Consequently, if we assume that Daniel’s vision has been largely fulfilled, and confirmed as such in the record of secular history, then its current relevance is diminished.  But, if we accept that the dimensions of Daniel’s prophecy are yet future, then we are given the expectation that Daniel’s vision projects forward for us—in symbolic terms—a blueprint of a coming geopolitical shift in the nature of world politics.  Therefore, by reason of the symbolism of the four great beasts we can discern fundamental political frameworks in this blueprint that reflect the rise of militarily assertive political entities, each with its own distinct geopolitical configuration.  (Perhaps a change in the role of world arbiter will be the diplomatic “sign” of the times that will precede an observable change in the exchange and application of world power among the nations.)

Simply, we can observe in the imagery of Daniel’s vision some familiar geopolitical frameworks that are symbolically represented in the four “great beasts,” and so we may deduce that they can represent the rise of singular political entities, or the rise of influential political and economic autonomous regions under a single political entity, and perhaps even the rise of a collective confederation or council of nation-states, whose collective political agenda will eventually bring them into conflict with the coming kingdom of God.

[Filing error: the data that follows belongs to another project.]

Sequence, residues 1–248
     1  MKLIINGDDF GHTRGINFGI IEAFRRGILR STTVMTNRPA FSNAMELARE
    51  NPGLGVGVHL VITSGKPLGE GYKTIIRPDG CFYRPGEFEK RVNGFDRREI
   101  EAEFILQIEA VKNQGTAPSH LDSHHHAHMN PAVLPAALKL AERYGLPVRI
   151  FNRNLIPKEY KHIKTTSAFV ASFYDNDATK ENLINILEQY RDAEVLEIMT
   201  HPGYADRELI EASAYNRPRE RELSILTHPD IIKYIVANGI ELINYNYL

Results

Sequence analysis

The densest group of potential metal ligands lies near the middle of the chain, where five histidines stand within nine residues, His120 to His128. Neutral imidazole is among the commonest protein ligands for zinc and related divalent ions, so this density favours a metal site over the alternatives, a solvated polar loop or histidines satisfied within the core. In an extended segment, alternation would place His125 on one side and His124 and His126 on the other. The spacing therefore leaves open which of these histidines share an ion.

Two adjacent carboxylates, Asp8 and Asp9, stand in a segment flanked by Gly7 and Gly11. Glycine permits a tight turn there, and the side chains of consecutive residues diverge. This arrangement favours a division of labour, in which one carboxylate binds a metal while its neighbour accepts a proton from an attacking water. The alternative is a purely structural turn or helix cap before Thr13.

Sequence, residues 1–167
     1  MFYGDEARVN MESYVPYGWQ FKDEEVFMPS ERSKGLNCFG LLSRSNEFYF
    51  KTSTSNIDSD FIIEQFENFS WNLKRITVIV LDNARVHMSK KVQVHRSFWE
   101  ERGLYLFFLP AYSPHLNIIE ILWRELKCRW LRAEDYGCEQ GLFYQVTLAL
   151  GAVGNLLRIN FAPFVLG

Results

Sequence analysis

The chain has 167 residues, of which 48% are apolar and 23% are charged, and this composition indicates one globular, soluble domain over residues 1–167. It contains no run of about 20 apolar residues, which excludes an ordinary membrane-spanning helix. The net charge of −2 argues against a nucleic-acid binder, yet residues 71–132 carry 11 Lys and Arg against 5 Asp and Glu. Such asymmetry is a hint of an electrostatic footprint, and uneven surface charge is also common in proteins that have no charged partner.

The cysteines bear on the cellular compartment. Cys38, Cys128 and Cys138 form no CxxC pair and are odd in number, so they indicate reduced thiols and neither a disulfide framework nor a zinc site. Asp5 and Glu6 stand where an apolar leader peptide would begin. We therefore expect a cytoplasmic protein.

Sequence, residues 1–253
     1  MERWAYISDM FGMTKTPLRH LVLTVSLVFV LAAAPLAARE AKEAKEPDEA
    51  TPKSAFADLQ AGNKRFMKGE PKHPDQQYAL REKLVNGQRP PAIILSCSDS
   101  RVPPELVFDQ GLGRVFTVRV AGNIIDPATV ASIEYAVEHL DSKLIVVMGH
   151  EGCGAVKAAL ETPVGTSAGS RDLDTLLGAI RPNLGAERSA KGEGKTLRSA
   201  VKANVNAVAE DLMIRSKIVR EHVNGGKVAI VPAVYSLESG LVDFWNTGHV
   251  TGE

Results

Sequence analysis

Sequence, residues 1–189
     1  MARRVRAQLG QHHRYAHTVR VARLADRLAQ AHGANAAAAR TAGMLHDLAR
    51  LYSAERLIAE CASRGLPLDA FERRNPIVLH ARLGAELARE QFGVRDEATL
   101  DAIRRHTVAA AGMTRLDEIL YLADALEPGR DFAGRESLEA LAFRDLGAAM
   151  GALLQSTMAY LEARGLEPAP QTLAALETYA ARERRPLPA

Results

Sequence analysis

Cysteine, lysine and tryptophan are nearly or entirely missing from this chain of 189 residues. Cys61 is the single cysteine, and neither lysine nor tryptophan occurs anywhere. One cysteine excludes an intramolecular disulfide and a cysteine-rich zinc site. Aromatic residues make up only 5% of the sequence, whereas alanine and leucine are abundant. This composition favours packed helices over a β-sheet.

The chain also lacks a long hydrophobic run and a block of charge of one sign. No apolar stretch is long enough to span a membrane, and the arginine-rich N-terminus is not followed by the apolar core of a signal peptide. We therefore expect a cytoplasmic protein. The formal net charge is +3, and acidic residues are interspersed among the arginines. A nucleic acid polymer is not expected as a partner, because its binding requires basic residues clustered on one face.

Considering also that these political frameworks would certainly be recognizable by today’s political analysts, political think-tanks and many world leaders, because such political frameworks can be confirmed in the record of history, and observed in today’s geopolitical world.  Which means that Scripture does indeed have a voice in world affairs that merits being heard, even though biblical prophecy may seem foreign to the workings of international diplomacy, and also perhaps to some professing Christians.

But it should be brought out that Jesus spoke to his disciples about the “end of the age,” and in the context of the “beginning of sorrows” he acknowledged that the ever-present problems of political and spiritual deception, wars and rumors of wars, disease epidemics, and famine among the nations, would play a role in bringing the world into a period of political and economic instability, when diplomacy fails and when some nations would seek to aggressively change the dimensions of world conflict on an unprecedented geopolitical scale (Mt. 24:3-8).

Thus, Jesus spoke of a coming time of “tribulation” at his return that would be unlike any other previous conflict “since the beginning of the world to this time, no, nor ever shall be” (Mt. 24:21).  Noting that this time of tribulation cannot be consigned to the record of secular history, and it cannot be said that Jesus’ words were fulfilled in the times of the four ancient empires that long ago dominated the lands promised to Abraham and his descendants.

So, why then is it necessary for us to understand Daniel’s vision today?